So I came down with some type of lung crud and can’t muster up a lot of energy to do anything today, but I did manage to get my hair-cutting shears sharpened in preparation for our fuzzies’ weekly grooming session. Everyone will get the hairs between their toes trimmed THIS SUNDAY, whether they like it or whether they don’t, so I got out my Spyderco Triangle Sharpmaker 204 Kit and went to town.
And as long as I had the kit out, I decided I might as well sharpen EVERYDARNTHING in the drawer. Now our chef’s knives, Grandpa Plagens’ meat carving knife, all the paring knives, and even the fershlugginer vegetable peelers are all sharp and fresh! Joy!
Everybody who uses a cutting implement of any type will tell you that a sharp knife is easier and safer to use, because you don’t have to apply as much force to cut successfully, so there’s less risk of fumbling the cutting implement and losing control–along with a limb or eye or something else equally useful. Sharpening is something that should be done on a regular basis.
In the beginning I didn’t sharpen my knives regularly, though. Sharpening knives used to be very intimidating for me, because I didn’t want to do it wrong and ruin the edge. Yes, I knew that if I screwed it up, I could always take it to a professional and have a little snack of crow while they fix my mistake. But you gotta remember that I don’t like to screw up in the first place. Hence, I never tried.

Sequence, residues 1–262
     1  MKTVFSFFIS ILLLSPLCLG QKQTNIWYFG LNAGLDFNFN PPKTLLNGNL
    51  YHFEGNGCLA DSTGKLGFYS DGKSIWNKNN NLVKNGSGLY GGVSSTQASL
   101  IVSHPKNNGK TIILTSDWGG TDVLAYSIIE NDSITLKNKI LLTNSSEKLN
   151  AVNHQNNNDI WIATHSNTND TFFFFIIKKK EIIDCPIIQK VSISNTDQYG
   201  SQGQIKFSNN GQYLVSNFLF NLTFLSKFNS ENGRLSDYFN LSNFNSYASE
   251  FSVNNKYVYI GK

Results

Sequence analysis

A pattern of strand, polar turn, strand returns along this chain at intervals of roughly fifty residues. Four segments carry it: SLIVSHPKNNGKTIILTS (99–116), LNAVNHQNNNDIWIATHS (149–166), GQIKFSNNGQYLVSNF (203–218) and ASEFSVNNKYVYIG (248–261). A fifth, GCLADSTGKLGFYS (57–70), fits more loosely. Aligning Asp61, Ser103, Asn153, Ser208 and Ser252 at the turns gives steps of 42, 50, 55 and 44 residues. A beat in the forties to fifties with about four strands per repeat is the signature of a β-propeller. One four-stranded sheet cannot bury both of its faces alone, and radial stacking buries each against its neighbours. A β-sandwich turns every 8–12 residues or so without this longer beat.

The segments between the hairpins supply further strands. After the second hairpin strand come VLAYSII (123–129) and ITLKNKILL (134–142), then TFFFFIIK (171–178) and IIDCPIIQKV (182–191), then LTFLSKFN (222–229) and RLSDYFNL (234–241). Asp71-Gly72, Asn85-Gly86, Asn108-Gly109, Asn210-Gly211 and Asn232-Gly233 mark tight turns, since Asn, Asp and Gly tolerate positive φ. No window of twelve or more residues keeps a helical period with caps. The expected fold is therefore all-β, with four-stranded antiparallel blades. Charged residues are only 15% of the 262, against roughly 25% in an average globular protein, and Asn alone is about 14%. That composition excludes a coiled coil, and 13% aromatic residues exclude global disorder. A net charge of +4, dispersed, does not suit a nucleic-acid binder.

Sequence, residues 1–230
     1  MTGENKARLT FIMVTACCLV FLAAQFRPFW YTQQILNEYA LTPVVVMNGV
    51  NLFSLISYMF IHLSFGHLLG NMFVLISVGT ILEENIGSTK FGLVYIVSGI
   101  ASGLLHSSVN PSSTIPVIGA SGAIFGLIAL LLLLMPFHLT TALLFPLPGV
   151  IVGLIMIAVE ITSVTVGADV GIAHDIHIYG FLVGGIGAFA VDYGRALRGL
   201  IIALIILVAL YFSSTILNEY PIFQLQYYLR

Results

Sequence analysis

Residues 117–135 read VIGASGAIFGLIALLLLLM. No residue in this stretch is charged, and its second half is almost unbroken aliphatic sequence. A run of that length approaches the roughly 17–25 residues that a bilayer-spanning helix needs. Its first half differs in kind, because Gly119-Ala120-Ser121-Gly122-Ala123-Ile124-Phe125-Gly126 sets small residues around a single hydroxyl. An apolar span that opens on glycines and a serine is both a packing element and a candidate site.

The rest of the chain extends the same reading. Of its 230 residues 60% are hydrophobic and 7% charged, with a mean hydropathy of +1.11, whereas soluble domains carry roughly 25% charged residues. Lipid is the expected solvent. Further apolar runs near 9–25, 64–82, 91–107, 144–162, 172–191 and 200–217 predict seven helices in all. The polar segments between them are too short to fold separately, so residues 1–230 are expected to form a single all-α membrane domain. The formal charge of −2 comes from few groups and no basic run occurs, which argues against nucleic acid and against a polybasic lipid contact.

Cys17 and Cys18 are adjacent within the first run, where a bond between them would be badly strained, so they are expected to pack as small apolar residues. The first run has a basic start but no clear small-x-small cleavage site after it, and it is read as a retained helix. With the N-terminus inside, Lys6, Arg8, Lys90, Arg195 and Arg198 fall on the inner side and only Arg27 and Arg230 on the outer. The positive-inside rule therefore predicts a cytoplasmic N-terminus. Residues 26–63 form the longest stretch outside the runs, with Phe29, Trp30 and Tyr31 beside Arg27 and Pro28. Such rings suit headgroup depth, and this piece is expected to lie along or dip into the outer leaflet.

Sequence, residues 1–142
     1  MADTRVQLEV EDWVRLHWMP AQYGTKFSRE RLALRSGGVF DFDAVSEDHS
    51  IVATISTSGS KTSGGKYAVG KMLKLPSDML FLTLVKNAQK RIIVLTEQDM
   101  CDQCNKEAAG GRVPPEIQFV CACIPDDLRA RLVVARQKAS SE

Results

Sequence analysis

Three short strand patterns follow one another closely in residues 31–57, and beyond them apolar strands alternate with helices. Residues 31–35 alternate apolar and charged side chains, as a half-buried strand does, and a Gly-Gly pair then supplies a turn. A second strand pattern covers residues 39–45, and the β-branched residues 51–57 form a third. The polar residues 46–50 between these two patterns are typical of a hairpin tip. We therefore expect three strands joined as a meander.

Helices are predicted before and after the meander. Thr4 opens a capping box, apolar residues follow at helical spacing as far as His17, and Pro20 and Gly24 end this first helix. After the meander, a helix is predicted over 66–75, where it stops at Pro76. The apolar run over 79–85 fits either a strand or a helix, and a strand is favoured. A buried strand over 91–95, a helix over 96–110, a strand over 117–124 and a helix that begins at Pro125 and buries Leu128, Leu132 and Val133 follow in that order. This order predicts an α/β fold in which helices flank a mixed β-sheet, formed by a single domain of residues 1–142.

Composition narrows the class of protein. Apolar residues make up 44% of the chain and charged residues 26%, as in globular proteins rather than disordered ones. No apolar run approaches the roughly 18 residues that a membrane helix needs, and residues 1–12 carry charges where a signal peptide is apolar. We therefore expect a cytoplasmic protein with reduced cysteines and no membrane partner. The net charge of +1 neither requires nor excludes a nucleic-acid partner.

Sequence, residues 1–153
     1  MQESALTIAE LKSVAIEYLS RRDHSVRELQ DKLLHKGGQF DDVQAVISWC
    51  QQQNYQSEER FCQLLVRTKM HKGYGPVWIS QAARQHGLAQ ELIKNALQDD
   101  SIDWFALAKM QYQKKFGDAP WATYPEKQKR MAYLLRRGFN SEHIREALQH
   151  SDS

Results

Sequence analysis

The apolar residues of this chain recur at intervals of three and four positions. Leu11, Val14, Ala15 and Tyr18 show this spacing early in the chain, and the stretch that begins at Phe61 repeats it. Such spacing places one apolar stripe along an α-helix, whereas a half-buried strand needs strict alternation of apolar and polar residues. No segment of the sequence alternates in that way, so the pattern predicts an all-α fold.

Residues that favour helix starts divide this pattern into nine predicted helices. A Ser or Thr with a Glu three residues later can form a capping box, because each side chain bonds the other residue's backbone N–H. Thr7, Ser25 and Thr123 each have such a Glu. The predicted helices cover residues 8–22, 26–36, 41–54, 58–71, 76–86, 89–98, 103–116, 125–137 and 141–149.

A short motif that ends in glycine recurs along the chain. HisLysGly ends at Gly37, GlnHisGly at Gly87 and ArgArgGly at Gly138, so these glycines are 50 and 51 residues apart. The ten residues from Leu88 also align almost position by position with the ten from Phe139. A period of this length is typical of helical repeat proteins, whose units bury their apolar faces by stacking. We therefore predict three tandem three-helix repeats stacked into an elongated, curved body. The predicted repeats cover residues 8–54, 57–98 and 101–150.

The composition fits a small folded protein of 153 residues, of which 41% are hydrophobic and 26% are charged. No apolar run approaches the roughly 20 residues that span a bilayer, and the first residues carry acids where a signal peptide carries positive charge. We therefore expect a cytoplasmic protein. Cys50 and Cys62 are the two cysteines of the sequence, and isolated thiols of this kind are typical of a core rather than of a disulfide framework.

Plus, I hate to pay someone to do something for me that I should be able to do myself. Having the kit at home means that I can (and should) sharpen my knives myself on a regular basis. Along with saving money on medical care for accidental knife wounds, this saves money by letting me keep the very good quality knives I’ve selected and not purchasing new ones to replace them merely because they’re dull.
I’ve really got no excuse for avoiding this task. I’ve got that amazing sharpening kit, sitting right at the back of the knife drawer, of which I can’t speak highly enough. The Spyderco Triangle Sharpmaker base holds two brass safety rods and the triangular ceramic sharpening rods at exactly the correct angle (35 or 40 or 12 degrees, depending on what you’re sharpening) and it comes with a comprehensive manual and even a DVD for Pete’s sake. One would truly have to have a glass eye and wooden banana (in the words of my sainted mother, Norma) to screw it up with the 204.
And you can use the kit to sharpen just about anything that has an edge or functional sharp point. Have a wood plane that needs some refining? You can use the 204 to sharpen that blade–just be careful, because the brass safety rods don’t deploy for the configuration to sharpen a plane blade. Does your ice pick, awl, or upholstery needle need a new point? It’ll do that as well, along with thinning and pinking shears, and my little Olfa Touch-Knife craft cutter. Honestly, I think I bought that darn thing when I was in high school, and I still have it–I just use the 204 to put the edge back on it every once in a while, and it’s ready to help me clip coupons every Sunday.
Plus, it is such a joy to use a sharp implement. Makes me want to go back out to the kitchen and cut cauliflower and broccoli and cucumbers for broccoli salad, and maybe find some fish to fillet, maybe a roast to trim. Eh, maybe after my nap.